Thursday, September 30, 2010


I've been taking lots of deep breaths this week. And yelling. Maybe the deep breaths aren't working so well. We've been hearing a lot of  "No" and "Why?" and whining and hyperventilating from our most talkative and defiant kid. Much of the week has been a blur. But I have heard some funny things, like ...

We need to park at the sign. My legs can't work, Danny says. I just laughed and laughed. Danny has noticed the handicapped signs in front of parking spaces. Naturally, he wants to know why we can't park there. I tell him those spaces are for people whose legs don't work.

Get a wheelchair, Nana, Danny says when Nana tells him her legs are tired as she tries to keep up with him. Or maybe he was just pointing out the wheelchair on the handicapped sign. Who knows?

Get a clue, Danny often tells me whenever we're looking for something. I'm sure we'll hear this a lot when he's a teenager.

It squirts out like a bum bum, Danny says of his play dough extruder. There's at least one other person in this house who would think this is just the most hilarious thing. (Hint: It's not me.)

I need an audioman for a tray, Danny says. Oh, you mean, ottoman? Got it. He uses the ottoman as a tray for his drink.

OH MY GOD, where's the Benadryl? Seriously, I can't find it. I think we're out and when I uttered this it had been one those days, I mean, weeks. Oh, hell, I mean, months. (In my defense, the kids are all crunked up this week.)

Let's pray for food. Thank you for food. God is great. Thank you for food, Danny says. I just love hearing him pray. There may be hope for that boy yet.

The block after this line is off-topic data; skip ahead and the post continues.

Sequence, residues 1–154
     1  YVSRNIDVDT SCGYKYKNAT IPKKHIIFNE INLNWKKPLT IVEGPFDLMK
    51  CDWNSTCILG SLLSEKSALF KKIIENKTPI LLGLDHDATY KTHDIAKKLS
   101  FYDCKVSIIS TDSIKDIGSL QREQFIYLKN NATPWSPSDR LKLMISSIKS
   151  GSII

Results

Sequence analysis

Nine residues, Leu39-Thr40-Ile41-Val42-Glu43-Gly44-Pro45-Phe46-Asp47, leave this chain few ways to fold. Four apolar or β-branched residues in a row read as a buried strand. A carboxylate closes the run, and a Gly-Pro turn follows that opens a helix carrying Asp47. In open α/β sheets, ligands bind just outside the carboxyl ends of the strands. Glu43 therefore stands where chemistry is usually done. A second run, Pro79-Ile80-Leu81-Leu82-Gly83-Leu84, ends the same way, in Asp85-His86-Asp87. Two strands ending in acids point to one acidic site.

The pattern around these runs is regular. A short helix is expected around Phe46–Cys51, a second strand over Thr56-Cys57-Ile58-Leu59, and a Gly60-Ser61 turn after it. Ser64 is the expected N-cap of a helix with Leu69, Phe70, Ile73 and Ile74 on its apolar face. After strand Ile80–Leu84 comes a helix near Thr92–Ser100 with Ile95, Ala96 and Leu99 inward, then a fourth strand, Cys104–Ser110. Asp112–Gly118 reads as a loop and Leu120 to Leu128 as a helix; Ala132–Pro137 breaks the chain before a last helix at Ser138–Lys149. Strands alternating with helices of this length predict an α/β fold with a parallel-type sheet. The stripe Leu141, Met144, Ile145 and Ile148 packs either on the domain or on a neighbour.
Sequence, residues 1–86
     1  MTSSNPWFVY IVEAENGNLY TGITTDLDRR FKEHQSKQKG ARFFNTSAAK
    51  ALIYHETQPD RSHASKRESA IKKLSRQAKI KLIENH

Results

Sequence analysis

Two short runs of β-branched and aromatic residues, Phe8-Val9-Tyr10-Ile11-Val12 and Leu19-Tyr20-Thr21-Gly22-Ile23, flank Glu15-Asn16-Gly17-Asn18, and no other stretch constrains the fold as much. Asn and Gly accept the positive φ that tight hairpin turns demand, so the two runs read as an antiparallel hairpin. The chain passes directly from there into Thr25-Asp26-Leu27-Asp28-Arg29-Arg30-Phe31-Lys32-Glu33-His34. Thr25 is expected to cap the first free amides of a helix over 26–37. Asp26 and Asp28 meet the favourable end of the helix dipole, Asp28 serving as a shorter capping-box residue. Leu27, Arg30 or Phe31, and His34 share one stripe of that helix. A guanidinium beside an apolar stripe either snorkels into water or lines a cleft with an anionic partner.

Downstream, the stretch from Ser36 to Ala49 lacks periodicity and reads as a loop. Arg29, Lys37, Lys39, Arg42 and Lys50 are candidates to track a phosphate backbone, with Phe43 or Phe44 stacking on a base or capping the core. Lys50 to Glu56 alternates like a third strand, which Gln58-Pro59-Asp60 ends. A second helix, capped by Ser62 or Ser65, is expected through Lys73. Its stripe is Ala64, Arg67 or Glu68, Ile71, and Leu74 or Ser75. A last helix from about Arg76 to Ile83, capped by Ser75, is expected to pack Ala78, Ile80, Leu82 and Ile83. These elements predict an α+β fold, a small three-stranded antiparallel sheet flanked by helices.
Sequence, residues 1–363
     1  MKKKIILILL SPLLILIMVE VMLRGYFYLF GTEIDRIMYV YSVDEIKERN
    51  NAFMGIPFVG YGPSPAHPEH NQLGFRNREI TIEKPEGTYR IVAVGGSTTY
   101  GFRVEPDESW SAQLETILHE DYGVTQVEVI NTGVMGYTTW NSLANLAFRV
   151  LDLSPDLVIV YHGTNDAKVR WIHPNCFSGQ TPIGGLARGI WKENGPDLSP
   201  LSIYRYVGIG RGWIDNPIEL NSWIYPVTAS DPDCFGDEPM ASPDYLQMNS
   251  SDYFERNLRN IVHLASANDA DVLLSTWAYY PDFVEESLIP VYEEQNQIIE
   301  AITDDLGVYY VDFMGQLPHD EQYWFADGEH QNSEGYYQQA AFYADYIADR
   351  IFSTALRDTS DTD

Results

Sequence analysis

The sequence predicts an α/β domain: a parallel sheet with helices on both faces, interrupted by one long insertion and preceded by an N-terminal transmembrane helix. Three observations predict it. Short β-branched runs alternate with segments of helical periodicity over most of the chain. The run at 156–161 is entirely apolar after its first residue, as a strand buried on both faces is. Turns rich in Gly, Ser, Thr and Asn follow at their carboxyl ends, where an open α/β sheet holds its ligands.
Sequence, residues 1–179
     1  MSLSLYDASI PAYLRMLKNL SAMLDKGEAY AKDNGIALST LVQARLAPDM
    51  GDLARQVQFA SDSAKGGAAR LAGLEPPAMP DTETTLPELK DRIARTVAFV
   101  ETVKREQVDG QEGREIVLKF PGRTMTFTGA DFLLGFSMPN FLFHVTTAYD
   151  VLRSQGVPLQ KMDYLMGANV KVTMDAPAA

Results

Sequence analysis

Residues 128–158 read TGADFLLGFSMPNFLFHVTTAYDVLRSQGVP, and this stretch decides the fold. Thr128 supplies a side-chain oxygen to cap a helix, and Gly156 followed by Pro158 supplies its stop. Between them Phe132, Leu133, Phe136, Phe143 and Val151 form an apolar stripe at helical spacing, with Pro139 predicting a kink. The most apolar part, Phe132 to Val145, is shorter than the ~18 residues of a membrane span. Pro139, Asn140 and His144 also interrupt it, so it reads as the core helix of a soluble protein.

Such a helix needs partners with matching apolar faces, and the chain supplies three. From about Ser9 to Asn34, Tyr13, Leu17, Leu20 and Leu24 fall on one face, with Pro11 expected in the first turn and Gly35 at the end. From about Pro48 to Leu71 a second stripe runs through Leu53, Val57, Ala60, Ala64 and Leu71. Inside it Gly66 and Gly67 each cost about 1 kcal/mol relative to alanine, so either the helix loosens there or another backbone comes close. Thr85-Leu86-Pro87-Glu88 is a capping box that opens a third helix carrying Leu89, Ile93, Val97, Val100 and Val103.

We're going to the mountains this weekend. It's our first vacation with children. Do pray that God will be great. Or just that my children sleep.

Wednesday, September 29, 2010

Our little paradise

One thing I will always remember about my childhood is that my parents took us places. And that was no small task. We outnumbered them two to one. Somehow, this did not scare them one bit.

I am lucky enough to have married a man who has the same attitude. We take the kids with us everywhere. You name it, they've been there. Places that most parents of young children wouldn't dream of taking their kids along to, we've gone, sometimes three on one. We routinely grocery shop with three kids, actually. And just yesterday I took Fiona and Owen into the bank with me to wire some money. Some days it's just easier than sticking around the house.

We've been going to the lake once a week or so in the warmer months for more than four years. It's a lovely little spot out in Chatham County on Jordan Lake with a swimming beach, a bathhouse and a playground. When we started going, I was pregnant with Danny. Jim and I would get sandwiches from Harris Teeter, eat with our toes in the sand and later float around on rafts in the placid, quiet lake. Because of our work schedules, we could go at odd times, like Monday evenings when no one was around. It was, and still is, like our own private, redneck country club. As each child came along, I was sure this tradition would die out. I mean, how on earth does one manage one, two and then three small children during such an outing?

Somehow, we've managed.

These days, the ride is just as nice as being there. The kids are strapped in and can't bug us, sometimes they even sleep on the way. I get to talk to my husband, take in the scenery, check out the progress on everyone's vegetable garden on the way. I won't lie to you, though. It's a little extra work for us, getting dinner packed, getting three kids out the door, setting up and breaking down our spot, watching two kids in water wings while one of us is holding a baby. And someone is always crying on the 20 mile ride home. But as my husband pointed out recently, it's better right now to work a little harder once a week or so for a mini-vacation than try to take a real, week-long vacation with three children. Vacations are a lot of work and expense and, really, there's only so much fun and novelty that the little ones will tolerate. And we've got lake-going down to a science by now.